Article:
In many cases marketing business owners will need to create effective proposals for marketing clients. The first few times you are asked to create a proposal can be an intimidating experience. They can be long, complicated documents with more than one opportunity to woo or disappoint a potential client. The best way to create a proposal is to follow a step by step plan. Once you have a general template for your proposals in place they become easier and fast to write. The first few will be challenging, but if you follow these tips you should do fine.
There are five essential elements to every single proposal. These include:
- A thorough description of the project. You do not need to go into every little detail of each step, but you do need to include enough to back up whatever fees you intend to list. Organize the description as best you can at this stage of the project and write it from the client’s perspective.
- Deliverables. This is a precise description of what you will be providing to the client. It might include products or services. You need to include the name of the items or services, a brief description, and how much time for each.
- Cost. If you are concerned about exact fees at this point, choose a price range. Since this is a proposal, some haggling will likely occur.
- Timeline. You need to let your client know how soon you can provide this work. Most of the time this will be a range of time and not an exact date. You do not want to list an exact date only to have your client postpone his response to the proposal and leave you with a short period. You can include a statement such as, “Deliverables to be due two weeks from finalization of the contract.”
- Sign off. Include a way for your client to agree to the terms of the contract. For instance, they might need to sign and fax the contract or respond to the email that is included in the contract.
Once these elements are complete, you can focus on providing a pitch within your proposal. This typically occurs in the description section, but you can add an additional section concerning value. You explain in detail how your products or services will help the client. Mention goals of the client that you have previously discussed and how you will help him reach those goals. Some people call these objectives. They can be included right at the beginning of the proposal, too. Some marketing business owners create a narrative sheet at the beginning of the proposal summarizing a clients goals, the value of the products or services, and why they are the best option for providing the products or services. The marketing business is very competitive, the better you can sell yourself, the more likely you are to land a client.
There are several different types of proposals, so even though you should always include the five essential elements and your description of how you will meet the goals, you might need to use different formats.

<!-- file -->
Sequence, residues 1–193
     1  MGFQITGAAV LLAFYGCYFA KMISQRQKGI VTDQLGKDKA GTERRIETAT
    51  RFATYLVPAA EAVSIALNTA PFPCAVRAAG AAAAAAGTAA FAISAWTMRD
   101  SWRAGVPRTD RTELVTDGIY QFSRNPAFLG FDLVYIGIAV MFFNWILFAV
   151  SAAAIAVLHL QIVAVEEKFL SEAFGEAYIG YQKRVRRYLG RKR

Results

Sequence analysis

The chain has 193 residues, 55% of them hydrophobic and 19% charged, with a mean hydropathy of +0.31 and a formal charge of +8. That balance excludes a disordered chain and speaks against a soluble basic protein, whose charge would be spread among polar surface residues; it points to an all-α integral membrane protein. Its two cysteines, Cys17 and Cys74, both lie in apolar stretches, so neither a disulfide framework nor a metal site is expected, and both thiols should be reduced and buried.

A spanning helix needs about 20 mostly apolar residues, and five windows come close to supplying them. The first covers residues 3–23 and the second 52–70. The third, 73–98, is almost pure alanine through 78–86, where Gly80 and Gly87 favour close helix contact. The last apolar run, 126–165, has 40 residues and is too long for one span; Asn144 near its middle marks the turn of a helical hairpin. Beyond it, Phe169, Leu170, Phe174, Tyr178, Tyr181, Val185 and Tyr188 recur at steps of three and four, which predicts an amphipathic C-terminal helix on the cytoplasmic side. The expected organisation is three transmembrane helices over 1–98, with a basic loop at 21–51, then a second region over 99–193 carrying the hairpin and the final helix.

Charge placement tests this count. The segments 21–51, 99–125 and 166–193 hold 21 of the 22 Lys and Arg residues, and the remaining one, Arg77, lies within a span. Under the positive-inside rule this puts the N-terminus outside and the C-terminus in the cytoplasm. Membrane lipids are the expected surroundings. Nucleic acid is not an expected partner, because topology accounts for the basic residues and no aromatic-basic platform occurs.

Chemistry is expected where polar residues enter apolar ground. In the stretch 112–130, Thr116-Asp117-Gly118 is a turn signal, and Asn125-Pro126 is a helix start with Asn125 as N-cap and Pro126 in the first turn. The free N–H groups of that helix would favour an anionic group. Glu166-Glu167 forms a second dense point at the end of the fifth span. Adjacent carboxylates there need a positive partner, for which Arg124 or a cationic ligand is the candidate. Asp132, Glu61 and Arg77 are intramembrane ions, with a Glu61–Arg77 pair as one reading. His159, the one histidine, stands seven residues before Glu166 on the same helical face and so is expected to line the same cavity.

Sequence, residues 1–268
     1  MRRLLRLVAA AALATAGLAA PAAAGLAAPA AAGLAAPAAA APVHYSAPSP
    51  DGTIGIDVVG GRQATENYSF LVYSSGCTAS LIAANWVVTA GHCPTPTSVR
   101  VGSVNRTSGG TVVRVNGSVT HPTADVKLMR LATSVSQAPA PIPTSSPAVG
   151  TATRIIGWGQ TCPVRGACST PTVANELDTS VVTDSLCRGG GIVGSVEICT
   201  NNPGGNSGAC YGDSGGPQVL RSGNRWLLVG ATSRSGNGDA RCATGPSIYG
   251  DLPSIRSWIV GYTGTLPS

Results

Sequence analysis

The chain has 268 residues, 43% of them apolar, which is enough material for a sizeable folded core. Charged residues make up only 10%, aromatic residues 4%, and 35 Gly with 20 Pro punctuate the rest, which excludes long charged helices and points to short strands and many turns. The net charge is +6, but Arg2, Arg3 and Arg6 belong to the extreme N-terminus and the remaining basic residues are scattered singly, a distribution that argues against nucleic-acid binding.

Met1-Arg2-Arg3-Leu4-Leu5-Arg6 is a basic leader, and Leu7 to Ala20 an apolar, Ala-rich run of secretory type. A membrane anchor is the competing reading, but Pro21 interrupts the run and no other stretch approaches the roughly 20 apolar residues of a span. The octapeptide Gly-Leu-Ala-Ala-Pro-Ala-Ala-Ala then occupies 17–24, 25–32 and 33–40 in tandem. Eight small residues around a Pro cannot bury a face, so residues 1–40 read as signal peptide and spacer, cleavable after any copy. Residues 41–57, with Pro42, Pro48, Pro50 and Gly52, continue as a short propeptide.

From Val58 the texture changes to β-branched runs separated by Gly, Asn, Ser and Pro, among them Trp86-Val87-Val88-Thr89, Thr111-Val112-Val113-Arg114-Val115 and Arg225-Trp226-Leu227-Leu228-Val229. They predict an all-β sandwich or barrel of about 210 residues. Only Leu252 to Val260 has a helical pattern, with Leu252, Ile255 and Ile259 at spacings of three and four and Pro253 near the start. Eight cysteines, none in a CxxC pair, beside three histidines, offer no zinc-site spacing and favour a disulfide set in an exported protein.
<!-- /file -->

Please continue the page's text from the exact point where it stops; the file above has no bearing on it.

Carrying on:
There are very short proposals that are only one page in length. These are fee oriented and typically occur after a detailed conversation. Think of them as summarizing a verbal agreement.
Small proposals are slightly longer, but are typically used after a product or service has been verbally agreed upon. Many people refer to proposals that are short and small as technicalities, but they are still a good idea to create before you begin working. It solidifies verbal details so you and your client are on the same page before you invest too much time.
Medium proposals are typically four to ten pages in length. They occur when a client is unfamiliar with your work or if the proposal is being passed along to a third party. For instance, if you are a freelance writer working with a web designer, you would prepare a proposal such as this for the designer to pass along to their client concerning content creation.
Finally is the long proposal. These are the ones that intimidate marketing business owners the most. They can be as many as 20 pages long and are usually reserved for your ideal client. They can take two days to complete, so you really need to feel that the project would be worth it to use this much time to create this type of proposal. They include a quote for work, case studies, possibly a white paper on the industry, information about your team, references, photos, statistics, and several samples of your work. Long proposals are a major undertaking even if you have a template in place and you just need to customize it for specific clients. For instance, I know many marketing business owners who keep photos, samples of work, references, and team information on hand to use in long proposals. This type of proposal is a job in and of itself, but they are well worth it if you are trying to impress someone you consider an ideal client.
There are a lot of things you need to know concerning proposals when you own a marketing business. They can be a lot of fun to create, but they can also be a hassle. They help you bring your work into focus and give you a platform to brag a bit about your experience and talents, but they can also be time consuming and frustrating. With a little practice you will be able to write a great proposal, so take your time and learn as much as you can.